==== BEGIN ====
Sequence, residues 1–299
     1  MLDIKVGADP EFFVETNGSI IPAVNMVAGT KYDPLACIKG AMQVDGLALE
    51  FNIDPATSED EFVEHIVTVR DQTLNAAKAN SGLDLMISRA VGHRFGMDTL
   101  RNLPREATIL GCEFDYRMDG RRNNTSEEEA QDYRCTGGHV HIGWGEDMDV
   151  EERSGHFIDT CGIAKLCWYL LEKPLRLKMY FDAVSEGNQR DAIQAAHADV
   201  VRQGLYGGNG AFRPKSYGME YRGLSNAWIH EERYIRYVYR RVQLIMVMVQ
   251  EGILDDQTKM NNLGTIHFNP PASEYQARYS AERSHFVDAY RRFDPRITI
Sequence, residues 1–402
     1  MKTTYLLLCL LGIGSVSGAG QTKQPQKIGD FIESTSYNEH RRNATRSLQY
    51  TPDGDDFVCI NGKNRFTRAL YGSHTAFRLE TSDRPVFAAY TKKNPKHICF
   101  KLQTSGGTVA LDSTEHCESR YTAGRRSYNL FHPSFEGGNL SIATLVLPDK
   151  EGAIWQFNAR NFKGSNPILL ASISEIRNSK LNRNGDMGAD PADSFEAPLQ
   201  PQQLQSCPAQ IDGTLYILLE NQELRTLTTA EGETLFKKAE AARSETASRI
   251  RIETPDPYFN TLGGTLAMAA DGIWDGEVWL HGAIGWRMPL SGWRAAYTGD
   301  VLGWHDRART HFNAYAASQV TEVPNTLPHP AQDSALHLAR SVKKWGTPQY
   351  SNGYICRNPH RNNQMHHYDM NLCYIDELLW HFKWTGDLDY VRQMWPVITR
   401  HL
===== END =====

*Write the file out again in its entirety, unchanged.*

Sequence, residues 1–299
     1  MLDIKVGADP EFFVETNGSI IPAVNMVAGT KYDPLACIKG AMQVDGLALE
    51  FNIDPATSED EFVEHIVTVR DQTLNAAKAN SGLDLMISRA VGHRFGMDTL
   101  RNLPREATIL GCEFDYRMDG RRNNTSEEEA QDYRCTGGHV HIGWGEDMDV
   151  EERSGHFIDT CGIAKLCWYL LEKPLRLKMY FDAVSEGNQR DAIQAAHADV
   201  VRQGLYGGNG AFRPKSYGME YRGLSNAWIH EERYIRYVYR RVQLIMVMVQ
   251  EGILDDQTKM NNLGTIHFNP PASEYQARYS AERSHFVDAY RRFDPRITI
Sequence, residues 1–402
     1  MKTTYLLLCL LGIGSVSGAG QTKQPQKIGD FIESTSYNEH RRNATRSLQY
    51  TPDGDDFVCI NGKNRFTRAL YGSHTAFRLE TSDRPVFAAY TKKNPKHICF
   101  KLQTSGGTVA LDSTEHCESR YTAGRRSYNL FHPSFEGGNL SIATLVLPDK
   151  EGAIWQFNAR NFKGSNPILL ASISEIRNSK LNRNGDMGAD PADSFEAPLQ
   201  PQQLQSCPAQ IDGTLYILLE NQELRTLTTA EGETLFKKAE AARSETASRI
   251  RIETPDPYFN TLGGTLAMAA DGIWDGEVWL HGAIGWRMPL SGWRAAYTGD
   301  VLGWHDRART HFNAYAASQV TEVPNTLPHP AQDSALHLAR SVKKWGTPQY
   351  SNGYICRNPH RNNQMHHYDM NLCYIDELLW HFKWTGDLDY VRQMWPVITR
   401  HL